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The Analysis of the Wife of Bath
Both the Wife of Bath’s prologue and tale illustrate her belief that men need to permit themselves to “be ruled by their wives” (176) and the Wife, or Dame Alice, repeatedly emphasizes that she has no issue physically and psychologically abusing her husbands. The wife’s very first 3 husbands had been old and rich, easy tools. Her fourth husband was like the wife’s male counterpart – promiscuous and stubborn as nicely – but he did died swiftly. The wife was unfazed by her fourth husband’s death and already had a fifth husband lined up. Her fifth husband was the cruelest and most tough for her to tame, and ironically her favorite of them all. Of course, she sooner or later had her way with all of them. A widow 5 instances over, the wife openly admits that she “put [her husbands] to function in such a fashion” (157) that they cried out in exhaustion and frustration. She also boasts about her skill in manipulating her past husbands, particularly the old, wealthy ones. The Wife would tell lies to her husbands, producing them consider that she had heard gossip about an unfaithful act they committed, when in reality she was only attempting to “put them in the wrong” (157). Soon after producing him really feel completely guilty, she could then sleep around with no fear of interrogation from her husband.
It is most likely that a wonderful deal of the Wife’s apparent impudence is only an attempt to jar her audience. Ahead of the Wife of Bath starts her tale, the Friar claims that he hopes “to have joy and salvation” (168) from the story she will tell and, as if in protest, the Wife begins by making entertaining of friars. Dame Alice sets the scene by describing a land that utilized to be inhabited by fairies, but is now filled with friars that “can only do a [lady] physical dishonor” (170). When, in her prologue, the Wife claims that her fifth husband was a lot happier after she “had gained the upper hand” (168), the reader have to wonder how much of her guidance is exaggeration or lies.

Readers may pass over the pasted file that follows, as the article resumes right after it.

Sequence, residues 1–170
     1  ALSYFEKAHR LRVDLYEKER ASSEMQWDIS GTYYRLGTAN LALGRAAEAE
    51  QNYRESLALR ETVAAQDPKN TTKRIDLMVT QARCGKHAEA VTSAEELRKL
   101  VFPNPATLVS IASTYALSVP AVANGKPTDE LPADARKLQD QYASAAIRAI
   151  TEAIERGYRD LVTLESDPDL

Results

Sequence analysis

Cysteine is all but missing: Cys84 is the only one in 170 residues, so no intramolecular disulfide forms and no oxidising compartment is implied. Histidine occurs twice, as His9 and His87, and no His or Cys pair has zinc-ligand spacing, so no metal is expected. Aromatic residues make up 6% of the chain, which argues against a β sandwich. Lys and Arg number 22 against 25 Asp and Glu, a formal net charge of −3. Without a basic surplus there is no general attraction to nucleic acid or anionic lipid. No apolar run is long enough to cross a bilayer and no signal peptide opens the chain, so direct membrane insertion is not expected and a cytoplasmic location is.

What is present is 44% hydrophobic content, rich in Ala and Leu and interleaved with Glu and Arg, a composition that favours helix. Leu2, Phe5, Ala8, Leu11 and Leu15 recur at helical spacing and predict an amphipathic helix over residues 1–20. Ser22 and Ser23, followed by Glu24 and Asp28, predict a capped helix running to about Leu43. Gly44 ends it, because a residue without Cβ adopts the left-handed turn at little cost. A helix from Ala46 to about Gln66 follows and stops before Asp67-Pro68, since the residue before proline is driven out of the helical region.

More than all, the Wife of Bath provides the impression of becoming a strong and frequently audacious lady, but Chaucer does not portray her without a weakness. In her prologue, the Wife sorrowfully acknowledges that “age, alas, which poisons everything, has robbed [her]” (162) of her beauty and youthfulness. This, of course, does not cease her from marrying once again and once more – she even marries a twenty-year-old at the age of forty. In the end, the Wife of Bath is attempting to mask her insecurity regarding her failing beauty, which has been her principal indicates of controlling males and as a result of getting a energy in society generally not enjoyed by females.
The Wife of Bath’s tale illustrates her want for youth as properly. The tale is suggestive of a fairy tale, but does not correctly comply with a fairy tale format. Her tale characteristics a young man that is imprisoned for rape. The truth that the protagonist is a rapist is reminiscent of the Wife’s abusive, younger husbands. The knight is ordered by the queen to learn what it is that girls want most, but he can not uncover out. Fortunately – or probably unfortunately – he finds an old lady in a clearing that promises to inform him the answer if he will do the subsequent point she requests of him. Wanting to save his personal life, he agrees but then is obligated to marry the ugly old woman when she asks it of him. The old woman has magical powers and asks the young knight if he would choose a stunning, promiscuous wife or an ugly, faithful wife. When he answers that “whatever [she] likes suits [him]” (176) ideal, she is magically transformed into a stunning, young girl. This clearly illustrates the wife’s notion that every little thing will turn out for the best if the woman is provided power instead of the man in a marriage. The transformation also exposes the Wife’s longing to have her youth restored just as the old lady in the story did.
Readers need to take the Wife of Bath with her strengths and her weaknesses. Unlike most of the characters in The Canterbury Tales, the Wife is neither satirized nor idealized – she is simply developed to engage and intrigue readers. Her character traits are extreme, and it is even hard to inform what Chaucer’s view of the Wife is. She is written as a headstrong and opinionated woman, but her failing beauty and cruelty towards men indicates that she was by no means an idealized character. Though unfair towards guys, the Wife of Bath knows how to push people’s buttons and get what she desires.
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Level: Law School
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